Moving Spaces and Places is about movement as a transformative experience, showing how movement changes affect and percept of spaces and place and solidifies space into meaningful places. The cross-disciplinary contributions in this collection – brought together by aesthetics and artistic practices and embodied and participatory research approaches – illustrate how the physical act of moving and the psychological experience of movement are inextricably interwoven.
Traversing the knowledge domains and practices of culture, art, pedagogy, geography, architecture, and city planning, the chapters reveal the diversity of the study of movement in relation to space and place; as a way of setting things in motion, as a psychological act of agency, and as a way to reflect, instantiate, and eventually reconcile—and even heal—relationships between people, spaces, and places.
This multi-layered investigation of movement takes temporal, physical, and psychological transformation as its conceptual core, and appeals to a myriad of readers ranging from architectural practitioners and urban planners to activists, artists and geographers.
Introduction: Moving Spaces and Places; Beitske Boonstra, Teresa Cutler-Broyles, and Stefano Rozzoni
Chapter 1. Swallowing Castles and Houses with Stomachs: Dwelling as a Digestive Movement in Literature; Elizabeth Batchelor
Chapter 2. Reshaping Spaces of Home: Reading Postcolonial Literary Adaptations as Affective Pedagogies; Demelza Hall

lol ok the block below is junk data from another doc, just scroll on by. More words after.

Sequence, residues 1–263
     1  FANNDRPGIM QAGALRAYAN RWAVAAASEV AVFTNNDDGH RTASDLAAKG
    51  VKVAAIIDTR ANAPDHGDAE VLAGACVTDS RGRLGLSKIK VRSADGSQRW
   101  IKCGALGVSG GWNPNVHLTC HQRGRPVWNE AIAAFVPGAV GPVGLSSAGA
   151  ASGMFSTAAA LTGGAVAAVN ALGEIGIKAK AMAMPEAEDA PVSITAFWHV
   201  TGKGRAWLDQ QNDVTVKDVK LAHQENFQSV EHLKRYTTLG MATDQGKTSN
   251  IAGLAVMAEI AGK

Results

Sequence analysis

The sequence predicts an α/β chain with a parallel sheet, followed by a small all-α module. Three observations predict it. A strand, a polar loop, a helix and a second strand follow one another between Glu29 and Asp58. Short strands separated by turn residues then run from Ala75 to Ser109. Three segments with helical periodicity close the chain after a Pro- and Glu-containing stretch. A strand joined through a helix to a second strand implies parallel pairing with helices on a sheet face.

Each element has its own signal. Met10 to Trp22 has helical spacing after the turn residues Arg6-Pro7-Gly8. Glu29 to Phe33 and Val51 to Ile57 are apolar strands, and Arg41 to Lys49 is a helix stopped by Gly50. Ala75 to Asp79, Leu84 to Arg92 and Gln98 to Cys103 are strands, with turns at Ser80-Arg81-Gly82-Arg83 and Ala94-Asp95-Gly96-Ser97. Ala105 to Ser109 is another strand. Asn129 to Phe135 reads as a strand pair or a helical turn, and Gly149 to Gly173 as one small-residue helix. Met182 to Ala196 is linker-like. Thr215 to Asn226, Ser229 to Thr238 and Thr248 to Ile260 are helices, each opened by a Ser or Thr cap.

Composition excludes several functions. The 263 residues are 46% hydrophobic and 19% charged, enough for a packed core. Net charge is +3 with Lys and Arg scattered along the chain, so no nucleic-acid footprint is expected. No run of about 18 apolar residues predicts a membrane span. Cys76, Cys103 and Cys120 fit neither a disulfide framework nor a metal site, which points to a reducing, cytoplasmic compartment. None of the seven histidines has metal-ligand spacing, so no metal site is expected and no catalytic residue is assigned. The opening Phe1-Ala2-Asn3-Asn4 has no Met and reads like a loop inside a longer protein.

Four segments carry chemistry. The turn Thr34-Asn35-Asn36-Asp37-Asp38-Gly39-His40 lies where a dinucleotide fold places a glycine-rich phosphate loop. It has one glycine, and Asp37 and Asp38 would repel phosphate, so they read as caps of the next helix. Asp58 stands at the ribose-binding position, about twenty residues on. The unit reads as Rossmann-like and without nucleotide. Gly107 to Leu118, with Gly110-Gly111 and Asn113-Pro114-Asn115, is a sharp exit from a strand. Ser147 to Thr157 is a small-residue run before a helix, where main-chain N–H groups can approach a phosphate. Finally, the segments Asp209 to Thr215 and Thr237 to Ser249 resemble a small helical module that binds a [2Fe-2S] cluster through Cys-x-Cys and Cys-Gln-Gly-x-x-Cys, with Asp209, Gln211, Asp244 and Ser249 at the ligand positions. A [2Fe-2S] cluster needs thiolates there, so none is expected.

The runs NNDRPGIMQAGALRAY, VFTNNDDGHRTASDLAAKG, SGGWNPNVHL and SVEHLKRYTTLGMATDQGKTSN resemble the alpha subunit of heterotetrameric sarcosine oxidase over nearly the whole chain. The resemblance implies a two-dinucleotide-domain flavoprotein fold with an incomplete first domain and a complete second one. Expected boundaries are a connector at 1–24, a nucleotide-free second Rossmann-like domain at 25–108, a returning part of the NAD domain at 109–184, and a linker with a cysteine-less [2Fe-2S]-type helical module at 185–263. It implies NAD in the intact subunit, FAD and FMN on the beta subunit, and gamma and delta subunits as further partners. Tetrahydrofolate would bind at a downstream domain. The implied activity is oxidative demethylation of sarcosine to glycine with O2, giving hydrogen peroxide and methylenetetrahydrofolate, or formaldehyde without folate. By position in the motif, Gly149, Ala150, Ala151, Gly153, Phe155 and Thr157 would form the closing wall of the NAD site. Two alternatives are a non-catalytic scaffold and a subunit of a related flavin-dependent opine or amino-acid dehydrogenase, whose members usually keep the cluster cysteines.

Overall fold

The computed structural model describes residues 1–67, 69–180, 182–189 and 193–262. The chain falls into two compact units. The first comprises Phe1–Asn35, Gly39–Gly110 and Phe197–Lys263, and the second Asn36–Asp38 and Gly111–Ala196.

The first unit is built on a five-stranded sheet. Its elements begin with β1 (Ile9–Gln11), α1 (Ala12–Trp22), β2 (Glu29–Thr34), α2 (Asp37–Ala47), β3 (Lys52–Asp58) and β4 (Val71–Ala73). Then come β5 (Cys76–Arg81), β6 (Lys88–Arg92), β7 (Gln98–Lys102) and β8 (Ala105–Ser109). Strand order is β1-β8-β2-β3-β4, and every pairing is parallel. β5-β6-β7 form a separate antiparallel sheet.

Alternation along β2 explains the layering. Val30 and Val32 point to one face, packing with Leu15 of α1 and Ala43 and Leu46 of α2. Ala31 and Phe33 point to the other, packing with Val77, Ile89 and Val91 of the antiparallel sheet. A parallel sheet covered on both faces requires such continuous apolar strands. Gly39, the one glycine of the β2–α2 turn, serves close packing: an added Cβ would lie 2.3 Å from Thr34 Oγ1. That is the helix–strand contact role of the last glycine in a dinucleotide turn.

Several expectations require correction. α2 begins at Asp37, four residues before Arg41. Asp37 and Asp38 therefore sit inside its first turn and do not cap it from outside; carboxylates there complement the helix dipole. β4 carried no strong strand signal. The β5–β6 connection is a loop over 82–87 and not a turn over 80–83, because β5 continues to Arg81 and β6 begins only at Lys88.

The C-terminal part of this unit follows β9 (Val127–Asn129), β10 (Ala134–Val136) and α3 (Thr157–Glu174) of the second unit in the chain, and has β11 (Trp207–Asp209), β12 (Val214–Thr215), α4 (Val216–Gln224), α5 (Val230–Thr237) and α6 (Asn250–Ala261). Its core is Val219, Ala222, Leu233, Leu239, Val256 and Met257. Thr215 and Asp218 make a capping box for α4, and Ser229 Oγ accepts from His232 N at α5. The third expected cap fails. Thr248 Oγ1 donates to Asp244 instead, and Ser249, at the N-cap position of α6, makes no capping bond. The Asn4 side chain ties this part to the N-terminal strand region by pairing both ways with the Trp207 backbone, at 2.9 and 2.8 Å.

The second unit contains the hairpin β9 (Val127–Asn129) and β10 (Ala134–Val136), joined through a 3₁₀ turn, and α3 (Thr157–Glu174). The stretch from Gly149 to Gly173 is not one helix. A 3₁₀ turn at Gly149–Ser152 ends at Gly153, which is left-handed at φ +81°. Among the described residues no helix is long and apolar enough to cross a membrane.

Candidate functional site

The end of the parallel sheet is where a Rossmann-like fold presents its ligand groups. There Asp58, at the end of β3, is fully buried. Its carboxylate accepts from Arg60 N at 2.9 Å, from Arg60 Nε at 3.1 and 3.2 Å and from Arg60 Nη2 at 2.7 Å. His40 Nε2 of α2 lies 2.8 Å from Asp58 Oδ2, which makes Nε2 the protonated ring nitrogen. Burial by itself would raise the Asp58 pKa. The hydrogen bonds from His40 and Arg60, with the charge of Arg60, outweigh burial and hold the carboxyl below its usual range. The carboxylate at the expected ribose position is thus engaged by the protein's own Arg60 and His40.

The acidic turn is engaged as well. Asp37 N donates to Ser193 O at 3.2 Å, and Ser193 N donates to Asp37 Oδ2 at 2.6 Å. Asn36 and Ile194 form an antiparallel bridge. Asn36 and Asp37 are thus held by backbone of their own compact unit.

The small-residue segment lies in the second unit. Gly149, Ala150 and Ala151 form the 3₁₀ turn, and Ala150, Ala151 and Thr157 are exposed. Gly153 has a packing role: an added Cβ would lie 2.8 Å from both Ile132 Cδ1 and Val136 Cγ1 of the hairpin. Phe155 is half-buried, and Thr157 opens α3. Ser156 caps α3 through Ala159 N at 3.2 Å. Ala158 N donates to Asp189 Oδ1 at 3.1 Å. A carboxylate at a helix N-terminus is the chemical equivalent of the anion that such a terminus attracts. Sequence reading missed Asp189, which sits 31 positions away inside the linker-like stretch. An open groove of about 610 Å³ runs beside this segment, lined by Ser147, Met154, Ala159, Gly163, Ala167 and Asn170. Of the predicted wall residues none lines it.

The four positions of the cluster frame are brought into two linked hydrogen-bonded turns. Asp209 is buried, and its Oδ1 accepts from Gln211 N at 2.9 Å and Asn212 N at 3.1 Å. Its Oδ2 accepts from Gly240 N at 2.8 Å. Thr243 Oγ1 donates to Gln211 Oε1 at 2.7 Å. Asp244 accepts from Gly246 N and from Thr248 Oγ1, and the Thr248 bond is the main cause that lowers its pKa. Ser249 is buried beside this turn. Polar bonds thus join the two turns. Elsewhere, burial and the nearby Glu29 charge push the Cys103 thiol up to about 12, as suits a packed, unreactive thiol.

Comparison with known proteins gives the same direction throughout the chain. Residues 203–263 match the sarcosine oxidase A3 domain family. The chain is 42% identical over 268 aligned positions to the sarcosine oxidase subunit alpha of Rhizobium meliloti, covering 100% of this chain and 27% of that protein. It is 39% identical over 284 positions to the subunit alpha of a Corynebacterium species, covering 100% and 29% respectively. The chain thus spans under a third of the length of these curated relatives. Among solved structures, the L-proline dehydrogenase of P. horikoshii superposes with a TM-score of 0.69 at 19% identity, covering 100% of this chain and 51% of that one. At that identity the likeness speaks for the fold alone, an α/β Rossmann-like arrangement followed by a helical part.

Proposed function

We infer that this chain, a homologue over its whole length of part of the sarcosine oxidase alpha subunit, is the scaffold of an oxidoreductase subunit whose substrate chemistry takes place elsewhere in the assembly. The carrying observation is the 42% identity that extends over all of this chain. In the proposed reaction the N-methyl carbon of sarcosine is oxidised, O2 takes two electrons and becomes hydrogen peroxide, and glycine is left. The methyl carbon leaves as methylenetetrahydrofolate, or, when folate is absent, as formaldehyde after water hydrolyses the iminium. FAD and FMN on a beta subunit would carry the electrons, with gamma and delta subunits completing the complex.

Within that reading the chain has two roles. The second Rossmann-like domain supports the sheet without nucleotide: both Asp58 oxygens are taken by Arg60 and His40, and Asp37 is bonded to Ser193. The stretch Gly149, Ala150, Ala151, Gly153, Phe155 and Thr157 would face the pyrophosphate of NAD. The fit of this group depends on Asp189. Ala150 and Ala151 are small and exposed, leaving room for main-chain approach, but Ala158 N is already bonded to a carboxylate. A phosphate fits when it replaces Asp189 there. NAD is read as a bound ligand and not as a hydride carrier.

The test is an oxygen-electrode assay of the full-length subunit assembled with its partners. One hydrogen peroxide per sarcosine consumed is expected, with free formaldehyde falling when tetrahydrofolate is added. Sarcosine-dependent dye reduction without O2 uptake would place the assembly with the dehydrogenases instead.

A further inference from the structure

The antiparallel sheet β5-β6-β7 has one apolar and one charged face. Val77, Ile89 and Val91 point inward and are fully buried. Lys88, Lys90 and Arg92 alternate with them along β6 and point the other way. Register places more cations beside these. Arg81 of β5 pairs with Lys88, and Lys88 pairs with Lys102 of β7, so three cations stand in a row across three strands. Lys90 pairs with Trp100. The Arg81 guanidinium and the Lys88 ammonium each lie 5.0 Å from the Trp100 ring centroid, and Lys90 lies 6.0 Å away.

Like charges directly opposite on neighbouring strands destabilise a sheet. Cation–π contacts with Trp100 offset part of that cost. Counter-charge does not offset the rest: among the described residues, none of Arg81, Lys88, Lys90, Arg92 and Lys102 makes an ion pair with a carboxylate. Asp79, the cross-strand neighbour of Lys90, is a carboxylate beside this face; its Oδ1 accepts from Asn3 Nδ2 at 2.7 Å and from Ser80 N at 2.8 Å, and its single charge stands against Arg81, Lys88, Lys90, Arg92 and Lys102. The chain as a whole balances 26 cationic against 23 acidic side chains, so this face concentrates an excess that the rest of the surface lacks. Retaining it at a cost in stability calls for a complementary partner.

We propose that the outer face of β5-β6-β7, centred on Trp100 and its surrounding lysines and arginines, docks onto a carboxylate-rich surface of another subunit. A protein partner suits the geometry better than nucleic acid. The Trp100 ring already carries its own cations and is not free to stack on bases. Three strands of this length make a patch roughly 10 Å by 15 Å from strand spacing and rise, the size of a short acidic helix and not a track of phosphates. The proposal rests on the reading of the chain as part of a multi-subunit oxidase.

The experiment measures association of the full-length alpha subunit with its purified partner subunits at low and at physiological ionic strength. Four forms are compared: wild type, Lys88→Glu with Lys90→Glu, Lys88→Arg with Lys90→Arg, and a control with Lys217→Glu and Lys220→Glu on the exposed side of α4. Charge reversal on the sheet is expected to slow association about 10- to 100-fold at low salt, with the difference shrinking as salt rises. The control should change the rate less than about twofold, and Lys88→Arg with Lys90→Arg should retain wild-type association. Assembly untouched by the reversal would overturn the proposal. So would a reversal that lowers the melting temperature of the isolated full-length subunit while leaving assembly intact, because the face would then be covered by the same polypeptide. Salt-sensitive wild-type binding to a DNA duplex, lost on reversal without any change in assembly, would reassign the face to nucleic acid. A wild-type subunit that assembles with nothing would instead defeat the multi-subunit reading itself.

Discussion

Chapter 3. Barbarism in the Age of Progress: Emily Hobhouse’s Report on the South African Concentration Camps and the Liberal Divide over the Boer War; Carla Larouco Gomes
Chapter 4. Urban Modernism in East Germany: From Socialist Model to Creative Appropriation; Martin Blum
Chapter 5. Reauthoring Macassar: Storytelling as Community Engagement (EG) and a Spatial Practice in South Africa’s Neglected Post-Apartheid Communities; Clint Abrahams
Chapter 6. Framed by Textiles; Lesley Millar
Chapter 7. Shorelines: Choreographies of Remembrance and Forgetting; Laura Bissel
Chapter 8. “Excuse me…are you lost?” What Can Performative Walking Practices Contribute to Knowledge About Public Space?; Deirdre Macleod
Chapter 9. This Place is Not Safe for Walking; Caroline Cardoso Machado, Hartmut Günther, Ingrid Luiza Neto, and Lucas Heiki Matsunaga
Chapter 10. Dancing your Way Through: An Explorative Study of City-making Skills; Beitske Boonstra
Conclusion: Moving Homes–Moving Bodies–Moving Minds; Beitske Boonstra, Teresa Cutler-Broyles, and Stefano Rozzoni
Beitske Boonstra is Assistant Professor in Urban Governance at Erasmus University Rotterdam, Erasmus School of Social and Behavioural Sciences, The Netherlands. Beitske is Academic Lead within the Resilient Delta Initiative and Coordinator of the Knowledge Centre Livable Neighborhoods Rotterdam.
Teresa Cutler-Broyles is Lecturer in Film and Cultural Theory at the University of New Mexico, USA, and visiting professor of Food Studies in Perugia, Italy. She writes both fiction and academic non-fiction.
Stefano Rozzoni holds a joint PhD degree in Transcultural Studies in Humanities from the University of Bergamo, Italy, and in Literary and Cultural Studies from Justus Liebig Universität Gießen, Germany.